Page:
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I have long believed that the perniciousness of low expectations is the primary root cause of poor educational outcomes in public education—and particularly in low-income urban areas. But I now have a deeper understanding after our first 7 months of schooling at Zeta: the issue is not just the perniciousness of low expectations, but the slow erosion of high expectations.

Even with our past experience with the gravity-defying academic outcomes of thousands of children at Success Academy, we constantly battle against the erosion of high expectations, including within ourselves. Some of our students came to us significantly below grade level and have massively struggled with our rigorous curriculum. Reasonable questions lurk in our minds—is it fair to expect all students to achieve our high standards of mastery when some are struggling with the most basic of concepts? Can they do it?

Of course, we know the answer is “yes,” that when adults do not believe that all children can meet high standards, children are often condemned to lives that fall far short of their potential. But sitting across from children struggling with the material, it is easy to question and to make excuses for why not—giving way to the slow erosion of high expectations.

To inoculate against this erosion, we start with rigorous curricula. Our curricula sets a high bar by ensuring that children tackle increasingly challenging concepts and work, insisting on conceptual understanding rather than rote learning, facilitating the transformation of student ideas into the beginnings of elegant writing. Key to our curricula is what I can best describe as a faith built into its standards that all children are capable of high-level mastery.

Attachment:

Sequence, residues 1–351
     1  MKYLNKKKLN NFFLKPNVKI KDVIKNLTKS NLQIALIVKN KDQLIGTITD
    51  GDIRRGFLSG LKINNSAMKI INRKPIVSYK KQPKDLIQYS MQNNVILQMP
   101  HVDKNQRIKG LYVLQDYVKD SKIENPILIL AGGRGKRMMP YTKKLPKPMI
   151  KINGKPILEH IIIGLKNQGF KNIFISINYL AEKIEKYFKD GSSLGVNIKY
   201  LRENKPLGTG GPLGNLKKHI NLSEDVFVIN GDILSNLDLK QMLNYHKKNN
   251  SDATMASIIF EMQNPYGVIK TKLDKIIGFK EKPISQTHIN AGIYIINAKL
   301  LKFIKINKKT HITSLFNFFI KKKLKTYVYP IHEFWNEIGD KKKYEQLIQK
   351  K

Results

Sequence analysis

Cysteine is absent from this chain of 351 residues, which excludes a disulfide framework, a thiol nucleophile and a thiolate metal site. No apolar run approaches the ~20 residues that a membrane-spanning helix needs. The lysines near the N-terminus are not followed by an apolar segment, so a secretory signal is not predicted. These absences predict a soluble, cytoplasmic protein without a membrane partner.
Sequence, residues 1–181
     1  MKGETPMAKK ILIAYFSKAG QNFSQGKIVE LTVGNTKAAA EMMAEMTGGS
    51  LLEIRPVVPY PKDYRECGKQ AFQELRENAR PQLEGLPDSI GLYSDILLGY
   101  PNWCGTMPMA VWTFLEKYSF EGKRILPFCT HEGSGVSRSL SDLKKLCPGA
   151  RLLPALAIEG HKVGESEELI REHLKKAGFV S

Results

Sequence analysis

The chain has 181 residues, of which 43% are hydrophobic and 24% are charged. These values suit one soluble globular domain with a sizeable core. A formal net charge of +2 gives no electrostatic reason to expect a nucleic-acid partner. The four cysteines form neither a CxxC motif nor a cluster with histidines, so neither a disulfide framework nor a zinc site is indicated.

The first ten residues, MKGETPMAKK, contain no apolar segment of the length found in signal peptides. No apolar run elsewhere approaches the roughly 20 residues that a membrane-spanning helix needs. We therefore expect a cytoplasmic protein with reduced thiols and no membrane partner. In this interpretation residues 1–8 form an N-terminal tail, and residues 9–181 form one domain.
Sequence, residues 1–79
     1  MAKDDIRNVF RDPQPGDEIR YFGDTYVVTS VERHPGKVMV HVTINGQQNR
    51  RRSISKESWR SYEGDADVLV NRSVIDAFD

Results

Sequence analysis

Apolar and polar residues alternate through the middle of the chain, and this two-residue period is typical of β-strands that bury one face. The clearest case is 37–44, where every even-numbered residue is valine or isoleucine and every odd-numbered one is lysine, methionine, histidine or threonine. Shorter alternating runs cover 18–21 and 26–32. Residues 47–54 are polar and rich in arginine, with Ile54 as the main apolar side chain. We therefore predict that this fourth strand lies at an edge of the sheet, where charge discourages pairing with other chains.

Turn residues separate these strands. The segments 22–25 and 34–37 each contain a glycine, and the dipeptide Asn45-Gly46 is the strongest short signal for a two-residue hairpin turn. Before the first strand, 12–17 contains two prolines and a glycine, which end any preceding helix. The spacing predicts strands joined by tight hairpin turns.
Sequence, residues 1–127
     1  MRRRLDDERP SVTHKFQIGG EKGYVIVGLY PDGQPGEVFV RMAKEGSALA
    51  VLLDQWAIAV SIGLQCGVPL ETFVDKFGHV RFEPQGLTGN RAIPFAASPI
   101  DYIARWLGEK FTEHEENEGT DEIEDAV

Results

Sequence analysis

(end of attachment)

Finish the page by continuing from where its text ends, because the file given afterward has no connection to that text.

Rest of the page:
Equally important, we start with a team of “believers” in the ability of all children to achieve high-level mastery. Of all inputs, this one is most crucial. If you can’t see—as indisputable fact in your mind’s eye—every child in your classroom getting over the finish line, some definite and significant number of children will not make it. But if you are certain that each child is capable and can get there with the right support, children rise to your expectations. And when your entire team, from leader to teacher to operations team member, shares and practices this belief, that’s when magic happens.

I have the privilege of seeing this magic every day. Our students are learning, growing at an astonishing rate. We have seen over 60% growth in first grade children meeting grade level standards in mathematics between the beginning of the year and now. In kindergarten, many students came to us as pre-readers. Now, over 70% of our K students are reading on or above grade level—and growing. Our students are sharing ideas, learning new vocabulary, and practicing empathy in social-emotional learning circles, rising toward their highest potential. It’s hard to describe the awe of witnessing first-hand this powerful transformation in children, led by the relentless efforts of our academic leaders Paola Zalkind, Shea Reeder, and Amanda Simmons and their incredible leader and teacher teams. They are the truest of believers in the potential of our students, and the power of their belief has begun to manifest in remarkable ways for children.